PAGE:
As Jefferson County Music Curriculum Coordinator Doug Dalton made some final announcements to the audience before our last song, he told them, “You can always tell when a choir really likes their director.” And before he could continue his “thank you” to me for working with the kids, the kids broke decorum on stage and responded with a roaring cheer that caught me by surprise. They kept cheering even after the concert was done, too. I guess I didn’t know what to do while they continued to cheer, so my instincts told me to do something unusual: with the utmost sincerity, I took both my hands, pressed them to my lips and blew them a kiss. I suprised myself by doing that (and probably surprised them too), but you know what? A lot of them blew kisses back. To be sure, some of them were sarcastic, middle school “too-cool” kisses, but anyone with half of a heart could look into the eyes of those kids and see that most of them really and truly meant it (even some boys). It was a beautiful ending to a beautiful day.

As we said our good-byes, some kids had tears in their eyes. One girl told her teacher that she wasn’t ready for it to end. I absolutely felt the same. The whole experience was very special, and I hope for the opportunity to work with another Honor Choir again soon. It’s possible that I’ve never felt more “in my element” as a musician than I did on Friday (Sir Ken Robinson would have been proud). You see, in real life, unless I really know you, I can be a pretty quiet person (and even if I do know you, I still can be kinda quiet sometimes). Heck, when I was in Kindergarten, I got in trouble for talking during class once and my teacher called my mom to tell her that she was excited that I not only did something I wasn’t supposed to but that I was actually talking. But put that same painfully shy kid on a podium as an adult in front of 100 kids that he doesn’t know for a day, and he comes to life in ways that even his closest friends and family have probably never seen before. I guess you could say it’s where he was born to be.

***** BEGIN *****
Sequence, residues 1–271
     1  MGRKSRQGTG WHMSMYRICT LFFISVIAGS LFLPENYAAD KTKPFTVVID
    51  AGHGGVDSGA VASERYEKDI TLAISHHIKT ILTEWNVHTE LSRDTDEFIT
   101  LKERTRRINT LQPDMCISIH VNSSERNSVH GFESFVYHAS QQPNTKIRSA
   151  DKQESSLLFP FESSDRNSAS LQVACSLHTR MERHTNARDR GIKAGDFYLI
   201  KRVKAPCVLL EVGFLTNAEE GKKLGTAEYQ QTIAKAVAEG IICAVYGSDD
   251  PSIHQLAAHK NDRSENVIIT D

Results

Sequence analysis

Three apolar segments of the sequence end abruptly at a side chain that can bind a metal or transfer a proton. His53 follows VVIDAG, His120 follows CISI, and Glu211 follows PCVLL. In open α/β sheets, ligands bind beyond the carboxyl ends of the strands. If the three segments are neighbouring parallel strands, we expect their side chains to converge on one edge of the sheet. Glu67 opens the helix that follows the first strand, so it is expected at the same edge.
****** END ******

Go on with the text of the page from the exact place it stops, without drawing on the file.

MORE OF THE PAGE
Such is the power of music.

Like the post? Hate the post? Please leave comments with feedback, or email me at themusicalapologist@gmail.com. Follow me on Twitter for more takes on music, sports, and who knows what else.

–P.S.–

This Sunday and every day next week, I hope you’ll come back to An Authentic Cadence as I share retroactive journal entries from each day of my trip to Mexico over the holidays to Casa de la Esperanza, a home for orphans and abused children in southern Chihuahua state. That trip has changed me forever, and I want to tell the world why. It would truly mean a lot to me if you would come back to hear what’s been on my heart lately. Why? Because life is about so much more than classical music.

Until Sunday, you stay classy Planet Earth.


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Posted in: Music